Tuesday, September 30, 2014

on the road in maine, part two

Waking up in this little tent on this little island was the best! Seriously. Heaven.


On my second morning on Mount Desert Island the air was so fresh and the breeze so crisp that I didn't even need a coffee to feel awake. There wasn't a single cloud in the sky when I poked my head out of my tent. The tide had gone out since I called it quits with my camera and my gently lapping front yard of waves had turned into fifty feet of pebbly sand and tide pools where a few seagulls and a heron were hunting breakfast.

I drove into the town of Bar Harbor for breakfast and walked around for a couple hours, hopping around taking photos of the beach and the piers.


To be honest, it wasn't my favorite part of the day; there were a lot of gift shops, art galleries and cute looking restaurants that I probably would have enjoyed more if I weren't by myself, but there were a lot of slow, dazed-looking tourists ambling about, tour buses idling everywhere and even a giant cruise ship pulling into port. I like cities and I like people, but wasn't in the mood for either at the time.

I grabbed a quick breakfast and headed south to roam Acadia National Park, which was beautiful and offered a few beautiful short hikes and lots of great beach turn outs. Towards sunset I stopped one last time at Seal Cove and tip toed around the waves, collecting shells, rocks, feathers and other little things that probably sound sort of crazy unless you are also a person who likes to glue such things to canvases.


Have you ever seen one of those photos of beaches so crowded that you can't even make out individual people - there is just one solid colorful swarm of umbrellas and beach chairs and people right up to the water line? Maine is the polar opposite of that; out of a dozen different beaches I poked around, maybe half had one or two other beachcombers at the time and the other half were completely empty. Obviously mid-September in the northern latitudes isn't exactly beach-going season but I had a feeling many of these shores are in a constant state empty of people, tides going in and out and in and out every day, every year, tossing up pebbles and shells and the occasional lobster buoy with barely anyone paying any notice besides sand birds.

After camping near the entrance of the campground I was feeling safe and decided to switch it up a little bit and moved my tent out onto the peninsula on the other side where there were fewer campers. Instead of being right near the shoreline, my tent was now about twenty feet above the sound on a little cliff overlooking Sheep Island and its docks and boats.

My new view:


As usual, I totally forgot to bring a cooler! So once again I stuck beers in the closest body of water to chill while I made a little fire to heat up my dinner and warm up.


There was no cell phone service in this area either so I read my book by lantern light until my fire got low, practiced some more star photography and then wrote and drew a little before falling asleep face first into my sketchbook. I woke up just as the sun was coming up, shining gently on the layer of mist blanketing the surface of the sound and making it glow. The water was as flat as puddle, mirroring the blue treetops until here and there a gull landed or took off and rippled its surface. There is no silence and serenity like that anywhere near my home in Boston so I sat there for a good hour taking it all in.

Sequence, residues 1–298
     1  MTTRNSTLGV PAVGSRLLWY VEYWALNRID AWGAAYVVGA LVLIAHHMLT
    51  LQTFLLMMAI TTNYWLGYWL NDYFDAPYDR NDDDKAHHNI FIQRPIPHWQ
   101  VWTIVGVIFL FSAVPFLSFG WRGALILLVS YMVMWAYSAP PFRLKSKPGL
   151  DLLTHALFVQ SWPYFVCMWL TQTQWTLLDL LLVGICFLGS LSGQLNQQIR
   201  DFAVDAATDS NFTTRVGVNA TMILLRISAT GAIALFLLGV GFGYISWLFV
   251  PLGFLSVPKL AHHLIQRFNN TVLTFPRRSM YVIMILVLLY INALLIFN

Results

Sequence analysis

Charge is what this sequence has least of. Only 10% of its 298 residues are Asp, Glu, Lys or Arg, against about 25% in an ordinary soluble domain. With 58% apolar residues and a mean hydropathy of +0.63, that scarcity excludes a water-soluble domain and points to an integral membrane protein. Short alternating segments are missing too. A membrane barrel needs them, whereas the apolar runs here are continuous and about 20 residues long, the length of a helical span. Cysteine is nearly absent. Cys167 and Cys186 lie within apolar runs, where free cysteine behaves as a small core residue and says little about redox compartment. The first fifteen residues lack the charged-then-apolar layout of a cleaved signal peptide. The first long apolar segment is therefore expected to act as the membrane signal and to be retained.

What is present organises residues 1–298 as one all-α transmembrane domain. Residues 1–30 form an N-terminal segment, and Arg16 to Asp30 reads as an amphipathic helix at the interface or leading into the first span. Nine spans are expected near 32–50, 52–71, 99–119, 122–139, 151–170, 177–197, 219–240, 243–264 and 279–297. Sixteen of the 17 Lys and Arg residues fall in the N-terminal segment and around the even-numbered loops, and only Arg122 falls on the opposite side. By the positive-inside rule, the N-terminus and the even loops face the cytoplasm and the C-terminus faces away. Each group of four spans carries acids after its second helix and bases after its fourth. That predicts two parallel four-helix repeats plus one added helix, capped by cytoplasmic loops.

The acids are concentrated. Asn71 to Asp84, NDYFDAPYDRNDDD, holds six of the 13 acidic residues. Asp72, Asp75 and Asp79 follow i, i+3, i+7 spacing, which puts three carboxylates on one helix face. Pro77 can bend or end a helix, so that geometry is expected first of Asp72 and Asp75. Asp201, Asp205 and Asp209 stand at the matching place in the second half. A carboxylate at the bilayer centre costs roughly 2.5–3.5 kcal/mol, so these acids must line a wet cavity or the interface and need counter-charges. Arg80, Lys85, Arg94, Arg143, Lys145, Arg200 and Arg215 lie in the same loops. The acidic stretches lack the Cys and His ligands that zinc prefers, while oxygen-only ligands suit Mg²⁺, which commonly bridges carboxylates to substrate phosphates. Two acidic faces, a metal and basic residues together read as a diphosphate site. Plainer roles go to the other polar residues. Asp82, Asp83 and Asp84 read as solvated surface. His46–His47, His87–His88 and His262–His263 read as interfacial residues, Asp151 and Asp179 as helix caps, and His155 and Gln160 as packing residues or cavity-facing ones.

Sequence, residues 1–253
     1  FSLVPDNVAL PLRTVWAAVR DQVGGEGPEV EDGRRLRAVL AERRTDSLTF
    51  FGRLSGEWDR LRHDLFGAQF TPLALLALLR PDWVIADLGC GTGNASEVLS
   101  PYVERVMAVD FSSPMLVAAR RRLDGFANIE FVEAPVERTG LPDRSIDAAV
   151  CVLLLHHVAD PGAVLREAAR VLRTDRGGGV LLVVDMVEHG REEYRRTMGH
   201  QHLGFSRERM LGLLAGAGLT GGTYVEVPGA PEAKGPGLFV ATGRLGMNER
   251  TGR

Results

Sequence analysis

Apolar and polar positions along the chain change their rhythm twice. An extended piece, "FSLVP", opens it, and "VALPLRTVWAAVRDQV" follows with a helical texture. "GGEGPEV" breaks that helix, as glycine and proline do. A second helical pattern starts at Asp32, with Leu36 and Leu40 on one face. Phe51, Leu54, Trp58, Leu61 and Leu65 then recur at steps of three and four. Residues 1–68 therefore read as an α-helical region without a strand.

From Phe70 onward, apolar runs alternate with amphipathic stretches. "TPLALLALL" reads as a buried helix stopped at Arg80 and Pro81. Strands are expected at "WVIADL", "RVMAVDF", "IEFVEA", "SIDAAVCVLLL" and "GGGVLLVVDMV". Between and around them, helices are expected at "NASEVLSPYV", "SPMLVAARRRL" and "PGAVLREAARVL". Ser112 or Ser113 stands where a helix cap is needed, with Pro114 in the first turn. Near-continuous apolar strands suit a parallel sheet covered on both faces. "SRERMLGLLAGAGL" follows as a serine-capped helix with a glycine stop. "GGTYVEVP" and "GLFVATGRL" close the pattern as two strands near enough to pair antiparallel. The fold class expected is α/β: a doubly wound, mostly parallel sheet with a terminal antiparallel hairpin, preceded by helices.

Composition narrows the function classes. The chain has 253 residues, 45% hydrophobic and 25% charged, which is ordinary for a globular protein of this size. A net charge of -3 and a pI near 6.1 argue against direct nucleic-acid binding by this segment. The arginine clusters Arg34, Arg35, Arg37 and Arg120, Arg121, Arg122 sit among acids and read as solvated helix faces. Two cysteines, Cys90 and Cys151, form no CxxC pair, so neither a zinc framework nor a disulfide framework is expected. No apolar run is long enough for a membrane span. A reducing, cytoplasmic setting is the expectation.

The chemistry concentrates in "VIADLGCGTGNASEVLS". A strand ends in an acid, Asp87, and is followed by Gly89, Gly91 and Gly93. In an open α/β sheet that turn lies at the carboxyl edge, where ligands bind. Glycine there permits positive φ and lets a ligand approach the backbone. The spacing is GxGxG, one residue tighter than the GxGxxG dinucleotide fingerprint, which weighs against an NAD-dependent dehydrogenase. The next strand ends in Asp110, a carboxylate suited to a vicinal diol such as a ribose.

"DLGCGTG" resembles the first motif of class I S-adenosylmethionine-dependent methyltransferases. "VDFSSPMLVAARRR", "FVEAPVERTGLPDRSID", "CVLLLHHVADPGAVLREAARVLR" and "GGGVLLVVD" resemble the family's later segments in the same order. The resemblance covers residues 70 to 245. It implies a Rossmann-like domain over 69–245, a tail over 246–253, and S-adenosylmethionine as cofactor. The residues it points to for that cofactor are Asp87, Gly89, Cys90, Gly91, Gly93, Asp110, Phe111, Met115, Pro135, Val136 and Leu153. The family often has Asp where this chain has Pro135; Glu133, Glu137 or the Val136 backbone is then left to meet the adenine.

Just when this camping trip was beginning to feel suspiciously too good, it happened.

On my way to get a coffee and plan the day, my car's check engine light came on! This might not normally be a big deal, but anyone who has ever owned a thirteen years old car with 165,000 miles on it can understand the level of anxiety it provokes. Is it just a loose wire? Should I check my oil? Is my old, faithful car planning to spontaneously explode upon hitting the next pothole?

The bad thing about car problems on a road trip is that there is the potential to be stranded alone, hundreds of miles from home, with almost no cell phone service and a gigantic repair bill. The good thing is that there really isn't that much you can do besides just keep on driving home like you planned. So that's what I did, keeping a wary eye on my temperature gauge and trying to avoid potholes and mentally scolding myself each time I took an irresponsible detour, of which there were many.


An hour detour from Route 1 was Pemaquid Point Light, which shines over an intensely dramatic slope of exposed bedrock where thousands of years of waves have crashed, smoothed the rock, created mossy pools of water and slick layers of stone. I climbed the spiral staircase inside up to the light, an enormous spotless teal lens that overlooks miles and miles of flat northern sea.


I planned to spend the next night in Wolf Neck Woods near Freeport, but being so close to Portland I headed straight there to catch Portland Head Light at golden hour. It didn't disappoint!


New England is a treasure trove for anyone who loves old things, history and American nostalgia, and Maine in particular is one long adventure tale of a hardy people steadfastly carving out little towns on a somewhat desolate shore. Portland Head Light, lit in 1791, is the oldest in the state and the first to be built after the American Revolution. It's easy to reach now, but for a century or more many of the 57 lights along the Maine coast were nearly inaccessible… a light house keeper's job was actually their whole life, living (often alone) in tiny houses on rocky cliffs, battered by salty storms as they manually lit the lights and rang bells to guide ships past these unforgiving rocks. 

Every lighthouse has it's own totally insane story, like having to be continually rebuilt because rough surf would toss giant boulders ashore and damage them, or being kept by light keepers who only saw other people twice a year on supply runs. How wild is that? Through it all they stand like sentries, pillars of light guarding the shore and beckoning sailors for centuries. Thinking about this during my few days in Maine sparked an idea for this year's personal project that I hope to share by the end of the week.

Monday, September 22, 2014